When we tell the story about women entering the workplace only in terms of progress and equality, implicitly we’re saying that all such non-market activity — whether in private domestic life or non-commercial civic associations — is less important.
So, too, are the forms of human association that happen in those settings — all those aspects of artistic, aesthetic, caring, and relational work that are not visible to the market. And this hierarchy dates to the dawn of the Enlightenment.
In “Emile,” a 1762 treatise on education, the philosopher Jean-Jacques Rousseau set out his vision for the proper education to form young men into ideal liberal subjects.
Young women, meanwhile, should be raised as charming, compliant support humans: “The whole education of women ought to be relative to men. To please them, to be useful to them, to make themselves loved and honored by them, to educate them when young.”
The job of women was to “delight” men and to birth and care for their babies. In other words, the domain of care is a necessary backdrop to the more important business of full personhood but still just that: a backdrop.
The hierarchy Rousseau set out is alive and well. Traditionally speaking, caring has largely been women’s work, and to a great extent it still is. The Organization for Economic Co-operation and Development (OECD) reports that, worldwide, women do between two and 10 times as much unpaid caring work as men.
It is routinely treated as infra dig: anyone who has been a stay-at-home mom knows the moment when someone at a party asks what you do and then politely moves on from talking to you when you tell them.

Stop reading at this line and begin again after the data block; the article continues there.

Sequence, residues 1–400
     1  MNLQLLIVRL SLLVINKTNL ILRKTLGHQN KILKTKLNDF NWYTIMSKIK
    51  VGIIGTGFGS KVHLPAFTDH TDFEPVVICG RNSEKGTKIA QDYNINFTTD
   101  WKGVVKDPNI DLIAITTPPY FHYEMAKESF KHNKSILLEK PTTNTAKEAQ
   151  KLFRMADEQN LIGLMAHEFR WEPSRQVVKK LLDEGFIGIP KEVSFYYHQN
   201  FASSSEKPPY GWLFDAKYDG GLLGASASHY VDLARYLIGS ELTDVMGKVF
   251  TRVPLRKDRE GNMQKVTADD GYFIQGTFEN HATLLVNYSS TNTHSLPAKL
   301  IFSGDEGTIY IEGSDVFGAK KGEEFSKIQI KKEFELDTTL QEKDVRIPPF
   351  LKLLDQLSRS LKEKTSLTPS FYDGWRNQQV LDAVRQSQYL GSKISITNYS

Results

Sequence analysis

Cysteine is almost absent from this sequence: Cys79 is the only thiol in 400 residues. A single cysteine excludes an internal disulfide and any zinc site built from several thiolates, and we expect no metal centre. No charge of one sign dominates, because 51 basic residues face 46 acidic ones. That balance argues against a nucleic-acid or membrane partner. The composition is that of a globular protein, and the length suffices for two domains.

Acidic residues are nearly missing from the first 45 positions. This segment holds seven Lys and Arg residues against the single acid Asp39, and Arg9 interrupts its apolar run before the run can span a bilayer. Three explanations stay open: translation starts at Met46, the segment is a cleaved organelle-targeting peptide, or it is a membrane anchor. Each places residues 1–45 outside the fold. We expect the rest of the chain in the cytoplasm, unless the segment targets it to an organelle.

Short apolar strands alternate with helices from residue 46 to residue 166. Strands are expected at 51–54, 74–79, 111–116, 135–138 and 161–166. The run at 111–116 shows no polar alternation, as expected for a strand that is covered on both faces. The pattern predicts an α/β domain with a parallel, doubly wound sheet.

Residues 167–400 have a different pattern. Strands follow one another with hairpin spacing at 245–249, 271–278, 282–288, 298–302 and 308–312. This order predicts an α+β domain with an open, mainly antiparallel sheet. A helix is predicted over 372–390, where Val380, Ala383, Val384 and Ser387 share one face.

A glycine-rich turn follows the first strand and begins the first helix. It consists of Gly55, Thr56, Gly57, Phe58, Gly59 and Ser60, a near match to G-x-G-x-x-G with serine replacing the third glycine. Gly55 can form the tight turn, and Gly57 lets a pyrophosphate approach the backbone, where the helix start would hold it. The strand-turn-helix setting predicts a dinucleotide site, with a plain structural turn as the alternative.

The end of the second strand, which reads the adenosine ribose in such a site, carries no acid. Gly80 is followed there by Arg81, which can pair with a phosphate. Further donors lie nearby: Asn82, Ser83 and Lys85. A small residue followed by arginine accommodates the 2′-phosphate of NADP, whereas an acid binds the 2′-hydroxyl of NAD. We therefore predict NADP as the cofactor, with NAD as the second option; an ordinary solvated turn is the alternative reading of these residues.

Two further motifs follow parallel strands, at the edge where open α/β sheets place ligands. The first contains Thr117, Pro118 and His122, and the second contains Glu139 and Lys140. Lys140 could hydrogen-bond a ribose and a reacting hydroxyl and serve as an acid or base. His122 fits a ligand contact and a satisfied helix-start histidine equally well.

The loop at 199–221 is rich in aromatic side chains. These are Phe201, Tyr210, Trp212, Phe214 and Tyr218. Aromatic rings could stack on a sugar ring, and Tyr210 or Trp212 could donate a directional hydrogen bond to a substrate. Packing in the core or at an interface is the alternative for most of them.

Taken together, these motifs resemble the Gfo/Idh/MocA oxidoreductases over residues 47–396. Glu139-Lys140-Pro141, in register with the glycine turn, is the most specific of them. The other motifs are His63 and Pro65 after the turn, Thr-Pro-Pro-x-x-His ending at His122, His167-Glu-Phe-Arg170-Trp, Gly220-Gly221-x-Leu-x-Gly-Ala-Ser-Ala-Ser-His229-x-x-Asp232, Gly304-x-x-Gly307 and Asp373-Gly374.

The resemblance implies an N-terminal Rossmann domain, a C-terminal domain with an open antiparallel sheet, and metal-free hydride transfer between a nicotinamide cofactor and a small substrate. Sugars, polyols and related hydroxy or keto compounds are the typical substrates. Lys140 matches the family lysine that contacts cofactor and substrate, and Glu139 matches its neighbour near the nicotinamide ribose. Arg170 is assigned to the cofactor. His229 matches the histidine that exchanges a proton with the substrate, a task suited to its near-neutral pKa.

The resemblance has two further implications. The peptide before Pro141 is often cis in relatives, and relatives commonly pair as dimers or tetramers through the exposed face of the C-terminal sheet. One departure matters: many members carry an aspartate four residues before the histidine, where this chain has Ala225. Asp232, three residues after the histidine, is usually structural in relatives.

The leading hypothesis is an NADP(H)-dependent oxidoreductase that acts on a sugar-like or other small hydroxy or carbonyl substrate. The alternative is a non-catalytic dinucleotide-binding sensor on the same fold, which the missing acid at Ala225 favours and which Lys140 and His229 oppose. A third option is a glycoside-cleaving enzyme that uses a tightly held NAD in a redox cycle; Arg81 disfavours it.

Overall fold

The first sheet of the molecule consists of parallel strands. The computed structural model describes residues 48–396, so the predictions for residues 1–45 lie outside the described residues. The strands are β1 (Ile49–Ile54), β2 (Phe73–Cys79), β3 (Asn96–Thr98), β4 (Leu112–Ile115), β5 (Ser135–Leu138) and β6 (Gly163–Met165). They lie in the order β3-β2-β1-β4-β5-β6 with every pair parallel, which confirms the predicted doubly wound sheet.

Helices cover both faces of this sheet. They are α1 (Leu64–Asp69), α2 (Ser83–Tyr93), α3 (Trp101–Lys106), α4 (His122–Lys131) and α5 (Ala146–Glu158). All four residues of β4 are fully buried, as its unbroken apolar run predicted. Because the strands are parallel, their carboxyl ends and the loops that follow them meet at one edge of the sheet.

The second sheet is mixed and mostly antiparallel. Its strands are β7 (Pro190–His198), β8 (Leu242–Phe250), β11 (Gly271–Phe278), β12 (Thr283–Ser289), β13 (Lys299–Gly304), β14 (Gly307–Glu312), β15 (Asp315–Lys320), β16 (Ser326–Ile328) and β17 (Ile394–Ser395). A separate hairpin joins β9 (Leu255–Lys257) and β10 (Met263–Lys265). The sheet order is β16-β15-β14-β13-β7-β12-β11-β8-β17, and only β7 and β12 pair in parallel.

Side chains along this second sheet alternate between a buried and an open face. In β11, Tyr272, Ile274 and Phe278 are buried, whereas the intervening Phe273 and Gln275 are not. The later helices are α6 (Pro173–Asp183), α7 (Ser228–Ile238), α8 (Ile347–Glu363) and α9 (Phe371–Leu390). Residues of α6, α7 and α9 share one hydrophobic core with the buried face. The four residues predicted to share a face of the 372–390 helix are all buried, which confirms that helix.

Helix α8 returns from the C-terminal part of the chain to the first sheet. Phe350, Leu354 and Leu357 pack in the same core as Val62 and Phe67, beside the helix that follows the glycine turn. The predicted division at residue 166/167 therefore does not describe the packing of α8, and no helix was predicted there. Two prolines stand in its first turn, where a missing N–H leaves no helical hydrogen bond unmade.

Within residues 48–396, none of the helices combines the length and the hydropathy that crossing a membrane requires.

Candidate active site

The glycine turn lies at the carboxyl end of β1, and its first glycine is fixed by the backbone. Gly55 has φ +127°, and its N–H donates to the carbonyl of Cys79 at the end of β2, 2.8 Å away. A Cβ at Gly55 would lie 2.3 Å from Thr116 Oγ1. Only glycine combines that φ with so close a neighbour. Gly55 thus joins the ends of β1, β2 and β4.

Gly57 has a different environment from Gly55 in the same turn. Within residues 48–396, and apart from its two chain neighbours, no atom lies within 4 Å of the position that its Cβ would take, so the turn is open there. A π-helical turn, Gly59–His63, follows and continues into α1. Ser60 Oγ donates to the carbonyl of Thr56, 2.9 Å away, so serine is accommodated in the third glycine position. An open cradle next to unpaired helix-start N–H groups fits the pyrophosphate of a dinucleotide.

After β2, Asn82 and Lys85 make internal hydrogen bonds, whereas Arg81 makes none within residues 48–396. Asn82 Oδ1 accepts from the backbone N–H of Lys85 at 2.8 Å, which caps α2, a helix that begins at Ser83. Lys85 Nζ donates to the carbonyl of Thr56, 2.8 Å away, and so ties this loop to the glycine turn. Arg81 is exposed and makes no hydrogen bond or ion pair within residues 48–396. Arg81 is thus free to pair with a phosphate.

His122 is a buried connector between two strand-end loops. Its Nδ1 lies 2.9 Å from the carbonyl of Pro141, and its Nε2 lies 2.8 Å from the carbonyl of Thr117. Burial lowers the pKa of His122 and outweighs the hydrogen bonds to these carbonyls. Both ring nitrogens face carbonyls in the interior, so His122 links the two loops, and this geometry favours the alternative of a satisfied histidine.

If you are a working-age adult in this position, chances are you are used to being unreflectingly written off as boring, inadequate, and probably a bit dim.
And this hierarchy of values — economic work good, caring work taken for granted — is everywhere. We underpay workers in caring roles and characterize a loss of earnings due to taking a family career break as a “motherhood penalty” that punishes women, even as it harms the economy by keeping skilled women away from the workplace.
Stay-at-home parents turn up in the statistics under the dismissive term “economically inactive,” as though the defining trait of someone caring for dependents is their lack of measurable contribution to GDP.
At best, caring is “unpaid work:” a poor relative of the economically productive type of work that happens in workplaces and contributes to GDP. Women carry out the lion’s share of this work: 60 percent, according to the ONS.
President Joe Biden expressed this perception of caring work as an impediment, loss, or punishment when he tweeted in November 2021: “Nearly 2 million women in our country have been locked out of the workforce because they have to care for a child or an elderly relative at home.”
The solution, Biden said, was to “make caregiving accessible and affordable and help them get back to work.”
There have long been feminist voices who criticize this dismissal of care. But the history of feminism also includes women challenging the long-standing social norm that care should be women’s work at all.
And it is this social norm’s breakdown and women’s ensuing entry into the workplace that we generally hear narrated today as evidence of progress.
Meanwhile, the loneliness and invisibility I felt as a person mainly engaged in caring for a baby — trundling a baby buggy around the depopulated working-hours streets of my small town — felt no less real for being side effects of that progress.